India soon ready to spy on BBM users

India soon ready to spy on BBM users
According to India Times, the technology needed for Indian officials to spy on BlackBerry Messenger users in the country is almost ready to be turned on. A wiretap warrant from the Union Home Ministry would still be required, but the technology will allow Indian officials to catch unencrypted BBM messages before they go through the BlackBerry Internet Service when it becomes too late to decipher.

The BlackBerry Enterprise Servers were not a concern for the police in the country since they usually handle conversations between employees. As we told you back in January, RIM was concerned for the security of its corporate users in the country. On the other hand, the officials in the country are worried that the 256-bit encrypted data used for BBM messages can be used by terrorists. At first, RIM had objected to the "spying" since Indian officials, without a server of their own, would have had to spy on RIM's Canadian servers. But a RIM server was added in Mumbai in February, and while BBM messages usually are not encrypted until the ending destination of a message (RIM never gets the messages delivered to the company), the Indian government is being allowed access to whatever messages it can read, with the wiretap warrant of course.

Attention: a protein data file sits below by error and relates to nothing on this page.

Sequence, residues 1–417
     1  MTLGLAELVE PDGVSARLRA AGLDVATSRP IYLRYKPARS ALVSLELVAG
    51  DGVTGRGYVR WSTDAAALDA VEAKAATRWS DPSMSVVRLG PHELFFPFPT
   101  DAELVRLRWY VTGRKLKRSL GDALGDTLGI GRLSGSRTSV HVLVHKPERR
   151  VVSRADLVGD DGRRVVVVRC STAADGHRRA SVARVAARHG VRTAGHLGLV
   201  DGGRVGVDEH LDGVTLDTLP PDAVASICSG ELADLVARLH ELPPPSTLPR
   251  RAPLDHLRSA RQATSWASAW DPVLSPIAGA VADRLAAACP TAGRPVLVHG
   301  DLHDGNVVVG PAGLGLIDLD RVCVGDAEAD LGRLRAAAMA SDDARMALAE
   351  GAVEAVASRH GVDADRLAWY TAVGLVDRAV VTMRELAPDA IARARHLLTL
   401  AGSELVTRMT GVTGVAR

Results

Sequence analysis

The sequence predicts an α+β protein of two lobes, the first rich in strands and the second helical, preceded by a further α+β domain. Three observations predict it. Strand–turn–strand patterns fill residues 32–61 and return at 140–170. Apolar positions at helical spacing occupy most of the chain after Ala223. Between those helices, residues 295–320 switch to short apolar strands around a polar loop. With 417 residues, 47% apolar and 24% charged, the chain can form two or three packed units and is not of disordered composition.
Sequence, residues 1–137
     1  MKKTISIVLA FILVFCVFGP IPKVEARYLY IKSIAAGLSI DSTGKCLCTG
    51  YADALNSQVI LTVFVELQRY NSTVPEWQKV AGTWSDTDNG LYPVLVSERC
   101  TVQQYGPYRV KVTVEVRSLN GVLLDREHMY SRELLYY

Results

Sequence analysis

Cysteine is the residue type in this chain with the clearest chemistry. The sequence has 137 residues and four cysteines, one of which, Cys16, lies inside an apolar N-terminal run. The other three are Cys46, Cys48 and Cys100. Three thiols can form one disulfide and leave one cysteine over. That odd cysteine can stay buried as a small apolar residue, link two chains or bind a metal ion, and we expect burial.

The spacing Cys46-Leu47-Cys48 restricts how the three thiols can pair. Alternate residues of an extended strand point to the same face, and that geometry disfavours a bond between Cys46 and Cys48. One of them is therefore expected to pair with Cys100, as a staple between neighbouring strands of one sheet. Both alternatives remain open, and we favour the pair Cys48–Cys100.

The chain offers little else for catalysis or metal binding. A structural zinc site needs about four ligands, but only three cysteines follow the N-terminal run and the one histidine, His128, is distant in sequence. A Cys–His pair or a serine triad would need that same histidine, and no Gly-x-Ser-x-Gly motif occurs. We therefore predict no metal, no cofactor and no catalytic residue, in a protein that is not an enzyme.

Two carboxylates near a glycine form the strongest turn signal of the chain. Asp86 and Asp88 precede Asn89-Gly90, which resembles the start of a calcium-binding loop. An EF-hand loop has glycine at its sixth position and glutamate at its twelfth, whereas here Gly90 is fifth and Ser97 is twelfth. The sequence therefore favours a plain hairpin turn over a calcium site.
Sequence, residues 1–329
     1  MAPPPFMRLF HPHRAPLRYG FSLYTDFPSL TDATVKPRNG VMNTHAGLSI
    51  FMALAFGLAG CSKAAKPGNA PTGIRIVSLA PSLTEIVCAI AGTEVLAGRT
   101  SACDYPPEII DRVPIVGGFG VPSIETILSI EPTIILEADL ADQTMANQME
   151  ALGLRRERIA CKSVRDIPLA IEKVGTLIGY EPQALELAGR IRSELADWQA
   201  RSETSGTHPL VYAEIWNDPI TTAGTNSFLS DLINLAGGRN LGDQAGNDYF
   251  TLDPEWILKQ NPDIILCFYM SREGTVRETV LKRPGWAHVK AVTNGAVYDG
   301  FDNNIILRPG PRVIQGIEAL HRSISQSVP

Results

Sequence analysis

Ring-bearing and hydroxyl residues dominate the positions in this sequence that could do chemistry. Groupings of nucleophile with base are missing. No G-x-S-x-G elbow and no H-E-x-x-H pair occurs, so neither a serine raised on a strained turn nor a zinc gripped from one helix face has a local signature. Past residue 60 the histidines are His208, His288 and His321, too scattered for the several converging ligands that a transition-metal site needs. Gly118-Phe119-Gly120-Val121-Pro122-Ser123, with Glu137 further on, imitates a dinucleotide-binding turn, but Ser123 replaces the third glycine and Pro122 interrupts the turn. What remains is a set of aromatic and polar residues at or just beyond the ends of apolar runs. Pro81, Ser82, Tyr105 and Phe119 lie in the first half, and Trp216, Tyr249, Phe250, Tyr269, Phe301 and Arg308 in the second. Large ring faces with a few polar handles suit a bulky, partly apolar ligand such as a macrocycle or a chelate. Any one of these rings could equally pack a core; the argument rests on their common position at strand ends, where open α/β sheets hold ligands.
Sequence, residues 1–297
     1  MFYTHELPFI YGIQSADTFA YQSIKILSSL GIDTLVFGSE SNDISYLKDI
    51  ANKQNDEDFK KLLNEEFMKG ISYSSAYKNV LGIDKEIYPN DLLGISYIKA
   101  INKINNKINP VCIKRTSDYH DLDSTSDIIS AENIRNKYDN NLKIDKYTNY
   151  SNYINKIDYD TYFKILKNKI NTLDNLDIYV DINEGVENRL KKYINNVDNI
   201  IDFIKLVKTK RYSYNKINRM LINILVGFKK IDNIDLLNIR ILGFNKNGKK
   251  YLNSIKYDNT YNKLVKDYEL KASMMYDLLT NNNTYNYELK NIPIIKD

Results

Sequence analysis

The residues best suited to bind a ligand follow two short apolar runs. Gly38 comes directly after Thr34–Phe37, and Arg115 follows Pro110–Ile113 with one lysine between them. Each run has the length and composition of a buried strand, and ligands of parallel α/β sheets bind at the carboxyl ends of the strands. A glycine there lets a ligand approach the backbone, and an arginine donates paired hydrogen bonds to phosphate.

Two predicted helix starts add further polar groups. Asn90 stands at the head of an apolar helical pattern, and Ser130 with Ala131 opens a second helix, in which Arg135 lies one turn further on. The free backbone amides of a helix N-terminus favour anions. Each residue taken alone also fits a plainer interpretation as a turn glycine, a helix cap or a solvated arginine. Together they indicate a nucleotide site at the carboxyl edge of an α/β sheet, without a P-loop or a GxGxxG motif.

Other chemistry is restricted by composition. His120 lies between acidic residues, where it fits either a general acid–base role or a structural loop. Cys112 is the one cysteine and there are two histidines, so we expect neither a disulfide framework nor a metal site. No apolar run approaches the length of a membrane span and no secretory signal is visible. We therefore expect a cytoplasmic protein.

India is worried about recent terrorism that took place in Mumbai which was coordinated by text messages in a timeframe too quick for police to intervene. If the plans that those plain text messages described couldn't be stopped, there is no guarantee that intercepting BBM messages will do much good. The government is expected to receive a list from mobile carriers in the country of the 5,000 BES servers in India. The carriers will also tap BBM messages and share them with the government when requested to do so

The next stop for
the Department of Telecommunications is Nokia's push email system which is similar to the BlackBerry process. Indian officials have no fear of communications made over iOS or Android models because they use standard security and can be more easily intercepted.

source: IndiaToday via Electronista

Recommended Stories

Loading Comments...
FCC OKs Cingular\'s purchase of AT&T Wireless